A dangerous indulgence in post-electoral optimism
-Laurence Copeland is a professor of finance at Cardiff University Business School and a co-author of âVerdict on the Crashâ published by the Institute of Economic Affairs. The opinions expressed are his own. -
It really is hard to resist the temptation to take a hopeful view of Britainâs new government.
I say this not because I am a fan of coalitions. They are an unfortunate necessity, something to be avoided at all cost in normal times â but these are not normal times.
In fiscal terms, we face a wartime situation, and the fact that there are no enemy aircraft overhead just makes it all the harder to get people to accept the need for austerity.
I have no idea how former Prime Minister Gordon Brown would have reacted to this threat if he had won re-election, because I never once heard him or his Chancellor of the Exchequer (or indeed Vince Cable) asked the $64-billion-dollar question: what if the markets wonât wait a year or two till you decide the time is right to deal with the deficit?
After all, the Greeks no doubt feel they should be given a year or two more, as do the Spanish and Portuguese governments, and no doubt the Irish too. What if the price of UK gilts drops precipitously, driving yields up to 6 percent, 7 percent, 8 percent . . . ?
This question may yet be directed at Business Secretary Vince Cable if he rebels over the fairly modest scale of the cuts proposed by the new government, as some commentators predict he will.
The optimist in me tends to the view that we may end up with a better outcome for the economy than we could have hoped for from the Tory majority government that looked a safe bet until a few months ago.
Ruling alone, dealing with the deficit would yet again have saddled the Tories with the reputation of being the uncaring party, just as it did the last time they were left to clear up the mess at the end of the 1970s, when they at least started with the advantage that, with garbage piling up in the streets and the roads left ungritted through a bitter winter, most people were ready for drastic measures.
This time around, the notoriously nice LibDems will be in the stocks alongside the Tories.
One dangerous hangover from the coalitionâs birth is that a majority of Labour and of LibDems have been allowed to cling to one illusion too many â the dream of a coalition of the self-styled âprogressiveâ forces (using the word in the sense that the ostrich is a progressive bird).
This was always a non-starter, invented, understandably enough, in order to give the LibDems some negotiating room (nice try, Nick Clegg). But given the parliamentary arithmetic, a losersâ coalition would have had to rely on the nationalists for support, which would only have been available at the price of exempting them from cuts in the precious public sector jobs that make up such a large proportion of their respective economies.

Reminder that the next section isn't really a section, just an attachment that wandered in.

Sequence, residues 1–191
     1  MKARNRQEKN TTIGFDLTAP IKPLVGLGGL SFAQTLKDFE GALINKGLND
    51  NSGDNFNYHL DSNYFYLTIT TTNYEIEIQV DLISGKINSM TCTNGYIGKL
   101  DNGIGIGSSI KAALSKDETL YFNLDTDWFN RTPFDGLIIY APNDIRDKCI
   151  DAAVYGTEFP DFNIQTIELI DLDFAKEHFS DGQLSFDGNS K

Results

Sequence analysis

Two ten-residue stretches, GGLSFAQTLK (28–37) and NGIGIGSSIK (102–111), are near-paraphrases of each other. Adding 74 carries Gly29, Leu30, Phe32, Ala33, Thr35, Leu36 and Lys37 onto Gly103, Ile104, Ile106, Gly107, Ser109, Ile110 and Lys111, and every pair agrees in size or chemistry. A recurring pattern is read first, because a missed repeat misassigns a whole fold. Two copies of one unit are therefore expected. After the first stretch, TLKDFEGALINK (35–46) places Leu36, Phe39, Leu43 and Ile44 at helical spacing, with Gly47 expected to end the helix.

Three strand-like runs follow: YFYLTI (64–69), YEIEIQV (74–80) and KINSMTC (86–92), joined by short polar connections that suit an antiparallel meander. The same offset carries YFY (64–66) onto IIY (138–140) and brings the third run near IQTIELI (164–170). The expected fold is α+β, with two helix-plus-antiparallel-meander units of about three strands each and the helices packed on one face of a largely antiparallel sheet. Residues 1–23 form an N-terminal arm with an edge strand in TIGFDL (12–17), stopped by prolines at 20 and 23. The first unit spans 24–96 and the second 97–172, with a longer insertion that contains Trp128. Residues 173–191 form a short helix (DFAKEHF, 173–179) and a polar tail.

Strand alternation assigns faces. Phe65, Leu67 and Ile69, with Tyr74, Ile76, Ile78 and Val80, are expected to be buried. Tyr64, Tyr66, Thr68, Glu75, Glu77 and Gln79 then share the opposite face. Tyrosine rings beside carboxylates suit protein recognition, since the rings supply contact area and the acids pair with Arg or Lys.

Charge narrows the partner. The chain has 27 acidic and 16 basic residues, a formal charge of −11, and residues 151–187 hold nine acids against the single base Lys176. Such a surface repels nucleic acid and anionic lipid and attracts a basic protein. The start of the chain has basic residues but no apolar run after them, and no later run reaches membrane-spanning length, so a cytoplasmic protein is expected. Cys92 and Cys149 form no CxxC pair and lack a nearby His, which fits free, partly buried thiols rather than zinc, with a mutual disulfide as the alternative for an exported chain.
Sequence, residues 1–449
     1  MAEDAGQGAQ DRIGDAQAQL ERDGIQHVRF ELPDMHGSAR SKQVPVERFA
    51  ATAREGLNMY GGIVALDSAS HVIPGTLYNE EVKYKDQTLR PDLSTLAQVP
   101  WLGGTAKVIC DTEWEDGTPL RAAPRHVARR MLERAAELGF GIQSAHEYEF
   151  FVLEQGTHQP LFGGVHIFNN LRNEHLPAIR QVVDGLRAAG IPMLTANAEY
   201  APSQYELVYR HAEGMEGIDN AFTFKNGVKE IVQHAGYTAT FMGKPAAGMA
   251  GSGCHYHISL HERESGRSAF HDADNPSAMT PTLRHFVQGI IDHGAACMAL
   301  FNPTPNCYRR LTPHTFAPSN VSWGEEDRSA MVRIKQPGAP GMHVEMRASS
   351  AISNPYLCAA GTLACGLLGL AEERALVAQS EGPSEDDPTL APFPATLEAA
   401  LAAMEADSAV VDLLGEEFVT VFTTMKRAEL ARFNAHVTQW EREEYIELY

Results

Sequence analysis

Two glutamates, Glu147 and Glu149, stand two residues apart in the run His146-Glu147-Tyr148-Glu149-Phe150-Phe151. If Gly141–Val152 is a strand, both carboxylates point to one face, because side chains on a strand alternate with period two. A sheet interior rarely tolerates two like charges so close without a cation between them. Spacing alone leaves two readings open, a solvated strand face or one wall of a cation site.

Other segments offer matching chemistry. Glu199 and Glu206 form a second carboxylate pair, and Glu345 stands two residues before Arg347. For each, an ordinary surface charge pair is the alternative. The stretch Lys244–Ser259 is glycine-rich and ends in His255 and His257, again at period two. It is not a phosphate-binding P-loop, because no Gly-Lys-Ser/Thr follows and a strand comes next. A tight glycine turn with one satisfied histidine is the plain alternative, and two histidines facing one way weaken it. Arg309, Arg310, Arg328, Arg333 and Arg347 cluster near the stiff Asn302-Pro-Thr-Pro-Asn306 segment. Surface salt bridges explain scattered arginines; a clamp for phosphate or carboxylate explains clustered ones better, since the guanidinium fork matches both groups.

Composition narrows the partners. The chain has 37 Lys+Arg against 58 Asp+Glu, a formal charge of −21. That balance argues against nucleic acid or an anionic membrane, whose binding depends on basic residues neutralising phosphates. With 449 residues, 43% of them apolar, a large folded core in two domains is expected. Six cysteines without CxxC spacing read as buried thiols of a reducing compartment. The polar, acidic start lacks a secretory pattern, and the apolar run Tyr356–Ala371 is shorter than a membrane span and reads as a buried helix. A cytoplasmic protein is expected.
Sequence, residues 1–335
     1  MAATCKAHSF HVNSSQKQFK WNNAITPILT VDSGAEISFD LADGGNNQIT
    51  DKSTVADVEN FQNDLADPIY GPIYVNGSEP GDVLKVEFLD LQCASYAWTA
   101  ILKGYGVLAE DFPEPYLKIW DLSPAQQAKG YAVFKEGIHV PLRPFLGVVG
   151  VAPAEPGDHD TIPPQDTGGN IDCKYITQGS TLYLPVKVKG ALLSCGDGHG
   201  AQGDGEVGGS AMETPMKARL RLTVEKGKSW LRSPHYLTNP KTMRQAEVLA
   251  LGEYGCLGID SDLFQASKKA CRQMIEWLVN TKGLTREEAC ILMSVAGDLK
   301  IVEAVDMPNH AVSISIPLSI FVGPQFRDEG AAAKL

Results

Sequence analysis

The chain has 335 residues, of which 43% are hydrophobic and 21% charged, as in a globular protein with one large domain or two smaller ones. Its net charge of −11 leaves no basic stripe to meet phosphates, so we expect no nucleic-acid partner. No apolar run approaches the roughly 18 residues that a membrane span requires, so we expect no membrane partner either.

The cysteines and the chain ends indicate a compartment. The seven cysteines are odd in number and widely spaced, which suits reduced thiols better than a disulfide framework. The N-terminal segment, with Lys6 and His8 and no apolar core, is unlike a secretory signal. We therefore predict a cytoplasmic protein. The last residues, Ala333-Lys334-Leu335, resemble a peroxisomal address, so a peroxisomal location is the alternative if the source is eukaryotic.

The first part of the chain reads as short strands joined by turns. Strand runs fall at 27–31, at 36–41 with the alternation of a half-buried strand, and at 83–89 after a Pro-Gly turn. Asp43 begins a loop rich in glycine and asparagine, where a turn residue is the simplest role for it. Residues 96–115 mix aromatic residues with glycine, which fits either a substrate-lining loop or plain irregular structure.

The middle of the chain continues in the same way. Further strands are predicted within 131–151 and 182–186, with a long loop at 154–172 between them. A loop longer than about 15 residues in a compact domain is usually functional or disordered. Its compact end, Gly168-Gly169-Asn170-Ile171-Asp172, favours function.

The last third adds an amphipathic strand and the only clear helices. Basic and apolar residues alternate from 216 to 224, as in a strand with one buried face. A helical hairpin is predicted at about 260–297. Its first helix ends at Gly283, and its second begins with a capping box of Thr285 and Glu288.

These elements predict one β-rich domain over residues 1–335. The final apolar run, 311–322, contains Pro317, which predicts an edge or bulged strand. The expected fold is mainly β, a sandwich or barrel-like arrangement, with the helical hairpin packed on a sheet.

Hence the rainbow coalition would have been forced to concentrate public sector cuts in England, a deal which would hardly go down very well with the English electorate, especially if they were being asked at the same time to swallow rises in taxes, prescription charges and so forth.
At the same time, you can bet that Peter Mandelson and Co. would have made absolutely sure that their coalition partners were well drenched in the blood spilt in the public sector cuts. In short, Labour had little to lose by a coalition â but it would have been suicide for the LibDems.
Coalition with the Tories on the other hand offers the LibDem party a major step up from the Labour franchise operation to which its leaders have reduced it over the past 20 years â all of which raises the question of why, under these circumstances, Prime Minister David Cameron felt the need to make any serious concessions at all.
The Tories had already done more than enough to show that they were serious about wanting a stable responsible government. The ball was clearly in the LibDemsâ court, and they had every reason to worry that the longer the process was dragged out, the more the public would be disgusted by the wheeling and dealing â and the more they would be drawn to the conclusion: stick to First-Past-the-Post.
Offering Nick Clegg the Deputy Leadership cost the Tories nothing (though it is something of a mystery why anyone should want a job whose previous incumbents were John Prescott and Harriet Harman), and abandoning the rise in the inheritance tax threshold was probably sensible in the current situation anyway.
Fixed term parliaments is one of those reforms, like Freedom of Information, which looked unlikely ever to be implemented, so I am certainly not going to look that particular gift horse in the mouth – but what happened to the Tory promise to reduce the number of MPs?
More importantly, with an election fixed for 5 years from now, delaying 2 billion pounds or more of expenditure cuts is a concession the PM may come to regret.
As the details of the deal become clearer, it seems more and more plain why Cameron and Clegg got on so well.
They are both toffs, only too well aware that they themselves havenât earned their lifestyle and in that sense donât deserve it.
Saddling the middle class with the burden of their bad conscience may or may not be wise politics, but it is certainly not wise economics at a time when we need to do everything possible to encourage the virtues of hard work and thrift.
To use yet another nuptial metaphor, the lovers couldnât wait to set up home on their own, so as to escape from their respective families. Clegg apparently thinks his family is too principled for its own good, while Cameron believes his is too hard-hearted for its own good.
Like many a young couple before them, theyâll learn soon enough â once the bills start piling up.